Electrical characterisation of emerging photo anodes suited to water dissociation with an applied bias
University College Cork
One of the pivotal challenges of the 21st century is to develop alternative energy sources to replace the inevitable depletion of fossil fuels. One candidate for a non-polluting, abundant and renewable source of energy is sunlight. The significant challenge for the large-scale uptake of solar energy is overcoming the intermittent nature of solar radiation using energy storage methods. Synthesis of fuels from sunlight is one potential storage approach, providing the need for optimized photo-electrochemical devices and materials. The direct photovoltage of water to produce hydrogen and oxygen represents the most direct route to the synthesis of clean fuel. Recently it has been showing that technology from the microelectronics industry can be used to fabricate metal oxide semiconductors for use as photoanodes. Given that the protective oxide needs to be transparent to allow light to the photoactive material, two possible solutions are available. To have a thicker transparent conducting oxide, such as indium-tin-oxide, which would create a Schottky junction with the silicon below, or to use very thin oxides such as titanium dioxide, which when a catalyst is deposited on top creates a MOS structure. Of interest to the first option are the electrical properties of the Schottky junction in particular the barrier height, as this will dictate the current flow through to the water and drive the electrochemical reaction. For the second option to be successful, the thin oxide must not have any pinholes, i.e. to isolate the photoactive material below from the water. Atomic layer deposition is able to provide this level of conformality. A conduction mechanism study was performed and an investigation into the relationship between the stoichiometry of the titanium dioxide and the leakage current. It was shown that the level of oxygen vacancies played a key role in the level of leakage current, but a dominant conduction mechanism was not proved. Next a study into how the thickness affects the conduction through the films was performed, where results show that an increased thickness results in an increased leakage current, opposite of what would be expected. Some ellipsometry data shows a definite change in the films as they get thicker. The relationship between these electrical properties and the electrochemical properties of interested in a water splitting cell were also studied and shown that it is not always possible to compare the two, especially when, the electrochemical measurement includes a light source. In addition, an investigation into deposition of mixed oxides based on titanium dioxide, was undertaken, using a novel ALD method whereby the titanium precursor was not pulsed in saturation. In this way a number of reaction sites were left unfilled, meaning that when a second metal precursor was pulsed, a single cycle of growth contained two different types of metal atoms, as opposed to the more traditional method of the supercycle detailed in chapter 1. The electrical properties of these films were measured, and a definitive trend showed that, creating mixed oxides in this way can change the electrical properties but that the incorporated amount of the second metal is an important factor. An anneal study was found to vastly change the electrical properties of these mixed oxides samples, where the leakage current fell by a number of orders of magnitude. For a water splitting application, this is not a desirable effect.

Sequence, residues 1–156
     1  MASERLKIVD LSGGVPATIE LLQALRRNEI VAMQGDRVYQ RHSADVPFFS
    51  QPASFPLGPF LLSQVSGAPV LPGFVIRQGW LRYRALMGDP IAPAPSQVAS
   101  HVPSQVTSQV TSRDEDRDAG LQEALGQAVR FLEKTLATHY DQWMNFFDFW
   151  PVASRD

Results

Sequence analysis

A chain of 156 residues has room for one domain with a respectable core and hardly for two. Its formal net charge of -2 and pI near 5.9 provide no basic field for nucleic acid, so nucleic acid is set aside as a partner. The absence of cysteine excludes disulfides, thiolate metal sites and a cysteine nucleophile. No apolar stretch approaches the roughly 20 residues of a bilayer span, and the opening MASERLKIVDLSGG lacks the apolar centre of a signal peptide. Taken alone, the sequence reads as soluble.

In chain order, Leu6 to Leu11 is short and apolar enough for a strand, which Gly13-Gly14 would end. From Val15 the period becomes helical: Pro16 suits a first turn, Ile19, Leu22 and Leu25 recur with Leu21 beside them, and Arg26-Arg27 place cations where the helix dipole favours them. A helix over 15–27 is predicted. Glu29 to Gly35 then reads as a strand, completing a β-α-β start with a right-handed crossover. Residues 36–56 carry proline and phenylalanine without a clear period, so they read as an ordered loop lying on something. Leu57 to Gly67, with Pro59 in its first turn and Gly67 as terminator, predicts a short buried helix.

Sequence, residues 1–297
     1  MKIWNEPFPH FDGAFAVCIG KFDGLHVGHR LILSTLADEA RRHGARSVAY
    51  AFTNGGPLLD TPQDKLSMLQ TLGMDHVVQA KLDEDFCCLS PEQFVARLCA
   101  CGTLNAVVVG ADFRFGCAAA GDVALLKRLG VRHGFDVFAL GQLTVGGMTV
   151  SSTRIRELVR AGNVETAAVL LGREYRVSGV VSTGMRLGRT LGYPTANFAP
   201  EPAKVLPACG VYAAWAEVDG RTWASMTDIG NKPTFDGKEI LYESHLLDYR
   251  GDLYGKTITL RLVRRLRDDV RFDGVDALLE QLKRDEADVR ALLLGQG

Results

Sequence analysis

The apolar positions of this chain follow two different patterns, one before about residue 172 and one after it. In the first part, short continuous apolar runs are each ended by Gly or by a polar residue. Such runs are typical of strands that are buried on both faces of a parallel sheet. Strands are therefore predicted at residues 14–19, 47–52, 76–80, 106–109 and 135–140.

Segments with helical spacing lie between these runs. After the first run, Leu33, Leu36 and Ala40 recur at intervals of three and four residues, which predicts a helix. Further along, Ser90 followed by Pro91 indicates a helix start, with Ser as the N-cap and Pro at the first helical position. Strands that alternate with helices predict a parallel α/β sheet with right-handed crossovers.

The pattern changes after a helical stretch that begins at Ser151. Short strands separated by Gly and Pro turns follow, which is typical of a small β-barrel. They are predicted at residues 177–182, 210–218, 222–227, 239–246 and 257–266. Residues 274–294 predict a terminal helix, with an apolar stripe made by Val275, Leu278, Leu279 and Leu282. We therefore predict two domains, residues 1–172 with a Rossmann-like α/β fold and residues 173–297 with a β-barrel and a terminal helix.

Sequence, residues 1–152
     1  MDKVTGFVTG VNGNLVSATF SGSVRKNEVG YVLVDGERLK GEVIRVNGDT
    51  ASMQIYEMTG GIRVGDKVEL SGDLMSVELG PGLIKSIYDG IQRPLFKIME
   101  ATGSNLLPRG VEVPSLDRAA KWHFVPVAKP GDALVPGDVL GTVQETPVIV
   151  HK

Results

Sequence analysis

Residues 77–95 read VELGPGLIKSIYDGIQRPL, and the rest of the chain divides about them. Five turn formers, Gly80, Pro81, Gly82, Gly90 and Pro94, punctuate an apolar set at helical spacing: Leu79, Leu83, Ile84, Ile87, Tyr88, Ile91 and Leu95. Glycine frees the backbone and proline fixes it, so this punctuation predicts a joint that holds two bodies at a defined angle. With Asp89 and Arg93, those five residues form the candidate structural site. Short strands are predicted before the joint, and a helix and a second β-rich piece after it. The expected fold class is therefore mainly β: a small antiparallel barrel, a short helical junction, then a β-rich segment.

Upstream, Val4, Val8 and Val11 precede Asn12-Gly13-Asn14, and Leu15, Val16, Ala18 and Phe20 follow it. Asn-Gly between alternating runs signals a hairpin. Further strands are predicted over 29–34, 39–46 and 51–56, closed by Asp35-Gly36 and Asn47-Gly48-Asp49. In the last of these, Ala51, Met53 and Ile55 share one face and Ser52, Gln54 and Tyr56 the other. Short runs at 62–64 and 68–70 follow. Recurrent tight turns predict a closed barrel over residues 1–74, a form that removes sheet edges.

Atomic layer deposition , Thin films , MOS characterisation , Ellipsometry , Metal oxide
Walsh, A. 2018. Electrical characterisation of emerging photo anodes suited to water dissociation with an applied bias. PhD Thesis, University College Cork.